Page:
The Kunstmuseum Bern is presenting the most extensive retrospective so far of the work of Tracey Rose. The South African artist has been a radical voice in international art since the mid-1990s. Her works are centred on the power of performance and the body as a place of resistance, healing and discourse.
Tracey Rose, The Prelude: La Marcha de la Aparicion, 2003, Pigment inks on cotton rag paper, 73 x 49 cm, Courtesy of the artist
With about a hundred works, the Kunstmuseum Bern is showing the most extensive retrospective so far of the work of the South African performance and multimedia artist Tracey Rose (b. 1974). In her works she engages with themes such as post-colonialism, gender, sexuality, racism and Apartheid. At their centre are the power of performance art and the body, which Tracey Rose sees as a place of protest, rage, resistance and discourse, but also of healing. The artist realises her sensational performative practice in various media such as video, sculpture, photography, installation and drawing, in particular casting light and critically commenting on central experiences in the transition to a post-colonial world.
Her thematic focus, however, extends far beyond the reality of South Africa, and refers generally to experiences of racist, political or sexist discrimination.Her most recent works centre on the question of the healing of traumatic experiences, whether personal or communal in nature.
The exhibition in the Kunstmuseum Bern follows Rose’s artistic development from her early interest in questions of identity to the aesthetics of violence and an interest in healing processes and rituals. It shows works from the years between 1990 and 2021, including the work T.K.O. (Technical Knock-Out) (2000) from the collection of the Kunstmuseum Bern, in which the artist has been represented since 2001.
‘The exhibition avoids a chronological or thematic reading in favour of an arrangement as an open landscape, in which the individual elements communicate with one another synchronically and diagonally. At the same time, the fundamental themes in Tracey Rose’s work, such as protest, satire, anti-monuments, utopia and a preoccupation with spirituality, recur.’ Kathleen Bühler, curator of the exhibition
Tracey Rose, The Kiss, 2001, Black & White Lambda print, 124,5 x 127 cm, Courtesy of the artist
Rethinking the world
Tracey Rose laments, denounces, distorts and attacks. She reinterprets accepted patterns of thought and traditions, she questions repeatedly asserted cultural, sexual or ethical identities and thus opens up a space for discussions. Her works produce cracks in the surface, and the artist goes so far as to rethink even mythical and religious origin narratives in an absurd, anarchic and carnivalesque way.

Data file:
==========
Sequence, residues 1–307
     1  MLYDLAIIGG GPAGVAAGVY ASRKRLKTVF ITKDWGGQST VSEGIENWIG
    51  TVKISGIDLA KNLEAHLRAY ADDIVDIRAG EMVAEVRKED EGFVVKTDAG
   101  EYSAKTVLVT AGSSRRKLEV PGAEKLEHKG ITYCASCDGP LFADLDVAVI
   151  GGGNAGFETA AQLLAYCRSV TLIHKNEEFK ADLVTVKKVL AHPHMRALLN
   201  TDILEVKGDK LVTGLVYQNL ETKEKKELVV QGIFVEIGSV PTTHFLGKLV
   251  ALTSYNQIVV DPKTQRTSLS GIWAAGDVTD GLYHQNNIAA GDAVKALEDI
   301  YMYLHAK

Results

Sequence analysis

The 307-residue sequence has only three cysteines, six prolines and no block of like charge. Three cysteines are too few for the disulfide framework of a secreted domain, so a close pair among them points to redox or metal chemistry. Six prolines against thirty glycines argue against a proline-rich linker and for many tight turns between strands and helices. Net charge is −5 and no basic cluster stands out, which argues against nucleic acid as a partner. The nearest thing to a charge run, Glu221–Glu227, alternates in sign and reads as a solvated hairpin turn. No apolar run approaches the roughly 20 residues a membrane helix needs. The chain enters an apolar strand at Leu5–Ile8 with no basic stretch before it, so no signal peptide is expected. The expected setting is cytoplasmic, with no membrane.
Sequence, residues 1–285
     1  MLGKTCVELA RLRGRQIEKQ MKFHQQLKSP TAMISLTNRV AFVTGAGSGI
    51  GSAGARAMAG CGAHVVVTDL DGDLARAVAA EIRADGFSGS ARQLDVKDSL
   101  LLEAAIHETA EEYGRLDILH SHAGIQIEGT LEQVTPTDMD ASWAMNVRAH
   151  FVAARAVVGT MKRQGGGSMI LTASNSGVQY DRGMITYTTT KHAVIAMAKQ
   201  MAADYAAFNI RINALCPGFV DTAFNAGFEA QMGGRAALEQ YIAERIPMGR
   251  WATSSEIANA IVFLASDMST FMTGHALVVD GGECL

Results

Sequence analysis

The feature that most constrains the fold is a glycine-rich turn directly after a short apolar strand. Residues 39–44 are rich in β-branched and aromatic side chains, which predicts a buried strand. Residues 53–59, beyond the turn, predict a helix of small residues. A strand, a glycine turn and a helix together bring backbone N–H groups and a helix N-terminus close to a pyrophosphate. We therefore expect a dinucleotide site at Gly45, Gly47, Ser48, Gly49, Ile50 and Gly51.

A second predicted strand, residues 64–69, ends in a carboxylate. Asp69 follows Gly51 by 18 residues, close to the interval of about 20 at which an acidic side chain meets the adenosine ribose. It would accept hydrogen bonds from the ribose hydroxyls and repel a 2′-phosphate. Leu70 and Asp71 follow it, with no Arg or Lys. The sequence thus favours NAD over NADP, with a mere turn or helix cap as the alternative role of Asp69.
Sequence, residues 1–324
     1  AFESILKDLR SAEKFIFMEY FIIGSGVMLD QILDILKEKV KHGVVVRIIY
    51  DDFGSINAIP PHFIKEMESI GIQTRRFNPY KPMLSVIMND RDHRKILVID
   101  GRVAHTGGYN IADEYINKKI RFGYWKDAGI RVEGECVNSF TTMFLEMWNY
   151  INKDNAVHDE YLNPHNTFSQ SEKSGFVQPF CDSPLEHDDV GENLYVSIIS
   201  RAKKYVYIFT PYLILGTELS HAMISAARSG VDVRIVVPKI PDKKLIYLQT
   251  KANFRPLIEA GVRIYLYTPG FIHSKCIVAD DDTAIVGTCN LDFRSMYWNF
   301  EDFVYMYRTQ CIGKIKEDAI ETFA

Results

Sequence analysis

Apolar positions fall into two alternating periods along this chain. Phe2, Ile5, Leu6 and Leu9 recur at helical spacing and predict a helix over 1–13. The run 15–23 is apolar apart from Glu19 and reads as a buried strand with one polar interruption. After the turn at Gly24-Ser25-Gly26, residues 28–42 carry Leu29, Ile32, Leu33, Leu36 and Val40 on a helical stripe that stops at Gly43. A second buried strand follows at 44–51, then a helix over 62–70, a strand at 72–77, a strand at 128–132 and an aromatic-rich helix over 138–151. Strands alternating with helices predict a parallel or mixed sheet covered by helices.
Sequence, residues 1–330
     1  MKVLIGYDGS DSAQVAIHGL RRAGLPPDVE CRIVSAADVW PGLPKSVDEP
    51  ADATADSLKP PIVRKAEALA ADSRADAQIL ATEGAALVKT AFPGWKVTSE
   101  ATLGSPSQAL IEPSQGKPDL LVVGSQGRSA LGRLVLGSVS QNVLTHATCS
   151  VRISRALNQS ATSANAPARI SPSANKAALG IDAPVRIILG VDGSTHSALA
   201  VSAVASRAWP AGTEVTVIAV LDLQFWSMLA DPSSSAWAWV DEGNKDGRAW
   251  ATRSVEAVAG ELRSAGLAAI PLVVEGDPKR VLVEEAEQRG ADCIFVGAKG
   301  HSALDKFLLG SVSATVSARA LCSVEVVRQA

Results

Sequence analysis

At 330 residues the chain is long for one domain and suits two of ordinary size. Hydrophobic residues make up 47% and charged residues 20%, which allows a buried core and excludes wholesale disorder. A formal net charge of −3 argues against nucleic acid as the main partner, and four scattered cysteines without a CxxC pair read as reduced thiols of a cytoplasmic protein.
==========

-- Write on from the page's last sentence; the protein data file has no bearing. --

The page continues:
One example of this is the group of works Lucie’s Fur, in which the artist sketches a different version of the Creation history. She shows us Adam and Eve as a queer couple, or the expulsion from Paradise as a slightly disoriented ride by a hybrid figure through a Canary-Island Garden of Eden. With this daring and amusing new emphasis, Rose opens the Pandora’s box of questions: what would happen if things had happened according to her form of representation, and we had developed our cultural theories and histories of civilisation on that basis?
Ten new works have been commissioned for the present exhibition; they are part of the continuin Mandela Balls series. In 1994, Nelson Mandela, freed after years of imprisonment, was the first South African President to be democratically elected. Rose’s work accompanies the political and social systemic change to a ‘Rainbow Nation’ and proves to be revolutionary even today in the sense of an analytic vision, an attitude of resistance and a voice of protest. Basing her work on the poem A Dream Deferred by Langston Hughes, the artist builds a total of 95 monuments to the freedom fighter – one for each year of his life. With these fragile and sometimes comical objects she explores the legacy left by his hopeful beginning.
Shooting Down Babylon
The title of the exhibition, Shooting Down Babylon, is taken from the installation of the same name, made in 2016 as a reaction to Donald Trump’s election victory. For this work, Rose subjected herself to cleansing rituals which she filmed and reproduced in a physically insistent video sculpture. As a prelude to the exhibition, this work clearly demonstrates the extent to which Tracey Rose’s work is rooted in the physical, in rage and in the search for spirituality.
Beyond the exhibition, the Kunstmuseum Bern seeks to reflect on issues of discrimination and to learn more about it along with its visitors. The Bern collective café revolution will introduce new ways of looking and background experiences in the context of different events in the accompanying programme.
Tracey Rose, Lucie’s Fur Version 1:1:1 –The Messenger, 2003, Lambda print, 80 x 60 cm, Courtesy of the artist
Tracey Rose, A Dream Deferred (Mandela Balls), 13/95 IMBOKODO:Kathy’s Rainbow, 2021, Mixed media, 85 x 90 x 120 cm, Courtesy of the artist
Tracey Rose Shooting Down Babylon
Thursday, 22 February 2024, from 6 pm.
(Hodlerstrasse 8–12, 3011 Bern )